Am I being histrionic about what happened at TNR yesterday? Consider these words from the new CEO, someone named Guy Vidra, announcing the departures of Foer and Wieseltier and the hiring of Gabriel Snyder as the new editor:
As we move forward under Gabriel’s leadership, we are re-imagining The New Republic as a vertically integrated digital media company. Gabriel is ideally suited to bridge traditional journalism and digital media. He is committed - as am I - to The New Republic’s mission of impact, influence and persuasion, but understands that fulfilling that mission in today’s media landscape requires new forms. He truly reflects the “straddle generation” of journalists and editors who remain deeply rooted in the qualities of traditional journalism - having worked with brands such as the New York Observer and The Atlantic - but also understands what it takes to create content that will travel across all platforms. We believe he is the right person to help us to maintain the core DNA of The New Republic, while propelling us forward to the 21st century….
As we restructure The New Republic, we will be making significant investments in creating a more effective and efficient newsroom as well as improved products across all platforms. This will require a recalibration of our resources in order to deliver the best product possible.
Who talks like that? Note what words are missing: culture, ideas, politics, arts, literature. Instead we get “vertically integrated digital media company,” whatever that means. TNR is not a “product,” it is a magazine of ideas. It has existed to imagine and re-imagine the possibilities of liberalism. Now, it is handed over to philistines. Jesus wept.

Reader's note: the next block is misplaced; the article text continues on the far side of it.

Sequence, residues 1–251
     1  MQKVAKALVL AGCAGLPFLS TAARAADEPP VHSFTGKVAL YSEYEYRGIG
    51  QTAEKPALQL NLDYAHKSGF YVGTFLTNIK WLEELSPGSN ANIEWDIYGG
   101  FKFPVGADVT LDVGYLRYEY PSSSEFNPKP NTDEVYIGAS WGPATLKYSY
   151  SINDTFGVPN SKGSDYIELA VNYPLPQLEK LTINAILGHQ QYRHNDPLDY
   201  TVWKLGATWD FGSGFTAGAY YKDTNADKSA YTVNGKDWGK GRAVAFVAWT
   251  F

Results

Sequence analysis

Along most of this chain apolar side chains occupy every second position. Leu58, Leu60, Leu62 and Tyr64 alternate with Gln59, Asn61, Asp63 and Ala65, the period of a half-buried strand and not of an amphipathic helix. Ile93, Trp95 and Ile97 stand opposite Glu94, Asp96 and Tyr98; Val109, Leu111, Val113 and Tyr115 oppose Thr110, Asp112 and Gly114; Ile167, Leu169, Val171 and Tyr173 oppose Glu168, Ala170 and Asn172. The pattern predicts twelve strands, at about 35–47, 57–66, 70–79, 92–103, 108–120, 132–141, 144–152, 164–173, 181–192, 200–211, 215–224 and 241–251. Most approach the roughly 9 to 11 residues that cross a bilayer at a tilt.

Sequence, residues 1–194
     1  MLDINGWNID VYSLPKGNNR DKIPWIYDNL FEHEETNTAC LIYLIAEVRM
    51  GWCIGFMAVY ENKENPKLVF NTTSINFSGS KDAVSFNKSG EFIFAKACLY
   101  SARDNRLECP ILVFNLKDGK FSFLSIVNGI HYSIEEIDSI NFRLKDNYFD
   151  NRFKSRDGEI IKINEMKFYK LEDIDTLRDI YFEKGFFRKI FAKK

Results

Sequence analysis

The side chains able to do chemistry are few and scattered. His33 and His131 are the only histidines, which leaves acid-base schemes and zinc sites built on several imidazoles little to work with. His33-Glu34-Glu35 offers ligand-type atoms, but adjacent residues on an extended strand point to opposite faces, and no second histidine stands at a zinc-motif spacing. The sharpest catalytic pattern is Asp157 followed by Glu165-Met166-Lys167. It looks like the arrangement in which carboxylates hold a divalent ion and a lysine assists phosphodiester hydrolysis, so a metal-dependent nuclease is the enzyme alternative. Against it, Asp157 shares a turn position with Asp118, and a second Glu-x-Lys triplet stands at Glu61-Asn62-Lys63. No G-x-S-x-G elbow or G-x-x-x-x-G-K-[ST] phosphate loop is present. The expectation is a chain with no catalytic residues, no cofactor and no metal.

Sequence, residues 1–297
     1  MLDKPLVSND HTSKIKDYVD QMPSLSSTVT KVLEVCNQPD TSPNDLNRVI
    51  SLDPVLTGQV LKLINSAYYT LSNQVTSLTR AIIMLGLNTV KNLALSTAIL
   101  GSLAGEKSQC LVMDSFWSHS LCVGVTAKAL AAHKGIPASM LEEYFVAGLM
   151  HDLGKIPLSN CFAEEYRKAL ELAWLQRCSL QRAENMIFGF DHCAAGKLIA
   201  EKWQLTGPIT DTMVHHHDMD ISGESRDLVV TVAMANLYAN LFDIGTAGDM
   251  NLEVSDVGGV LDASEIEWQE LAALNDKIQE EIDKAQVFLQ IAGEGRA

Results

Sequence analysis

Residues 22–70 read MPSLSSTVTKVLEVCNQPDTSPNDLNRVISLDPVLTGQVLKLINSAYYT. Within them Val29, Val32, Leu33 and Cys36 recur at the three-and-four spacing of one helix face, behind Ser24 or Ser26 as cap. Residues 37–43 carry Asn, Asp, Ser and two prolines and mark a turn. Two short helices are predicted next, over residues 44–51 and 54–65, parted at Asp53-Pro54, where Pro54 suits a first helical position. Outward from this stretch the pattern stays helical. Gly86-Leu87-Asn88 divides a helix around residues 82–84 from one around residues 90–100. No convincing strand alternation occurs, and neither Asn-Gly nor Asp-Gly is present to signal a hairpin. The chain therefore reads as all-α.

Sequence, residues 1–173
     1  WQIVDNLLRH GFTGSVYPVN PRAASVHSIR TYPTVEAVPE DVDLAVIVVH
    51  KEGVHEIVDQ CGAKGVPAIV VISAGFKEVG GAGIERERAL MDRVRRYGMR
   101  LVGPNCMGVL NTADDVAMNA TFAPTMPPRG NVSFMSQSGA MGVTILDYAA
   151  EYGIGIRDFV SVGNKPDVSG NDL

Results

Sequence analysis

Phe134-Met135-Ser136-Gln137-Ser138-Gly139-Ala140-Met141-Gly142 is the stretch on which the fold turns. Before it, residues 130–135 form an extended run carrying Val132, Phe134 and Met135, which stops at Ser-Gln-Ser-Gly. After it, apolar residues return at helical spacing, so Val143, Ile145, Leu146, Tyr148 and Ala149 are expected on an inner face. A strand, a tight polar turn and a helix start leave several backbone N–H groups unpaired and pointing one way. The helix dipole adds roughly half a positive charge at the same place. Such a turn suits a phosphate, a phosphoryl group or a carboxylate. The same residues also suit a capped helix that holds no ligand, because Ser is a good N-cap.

Mr. Hughes bears the responsibility for these changes. I wonder what he wants. Surely, he has made enough money already, does he really need to make more? Can he not function in the long tradition of TNR owners who use their wealth to support a magazine that is intellectually viable whether or not it is commercially viable? Must money govern everything?
Hans Urs von Balthasar once wrote these words:
Whenever the relationship between nature and grace is severed…then the whole of worldly being falls under the dominion of "knowledge," and the springs and forces of love immanent in the world are overpowered and finally suffocated by science, technology and cybernetics. The result is a world without women, without children, without reverence for love in poverty and humiliation – a world in which power and the profit margin are the sole criteria, where the disinterested, the useless, the purposeless is despised, persecuted and in the end exterminated – a world in which art itself is forced to wear the make and features of technique.
It is difficult not to see in these changes at TNR the triumph of technology over ideas, of the desire for profit over the desire for truth, of technique over art. I will grant that the relationship between grace and nature is not a principal concern of liberalism, but it tells you something about the breadth of vision Leon brought to TNR that this above quote from Balthasar appeared in an essay I wrote for the magazine in 1999. Leon was not a student of Catholic theology, but he knew enough about it to know that Balthasar’s theology was the most interesting part of the intellectual milieu during the pontificate of John Paul II. How he knew that, I have no idea, just as I have no idea how he knew so much about so many things. He is one of those people who inhales ideas and then, on the page, beautifully exhales them too. This morning, there are no interesting questions about the future of TNR. The interesting question is what will Leon and Frank do now. Still, it hurts to think that a once great institution like TNR is now dead. It is like finding out that a beautiful building burned in the night. Whatever exciting and interesting and important rises from the ashes, it will not come from these hideously rich, plugged-in, cliché-ridden punks who have killed TNR. It will come from whatever these journalist giants, Foer and Wieseltier, turn their hands and heads to next.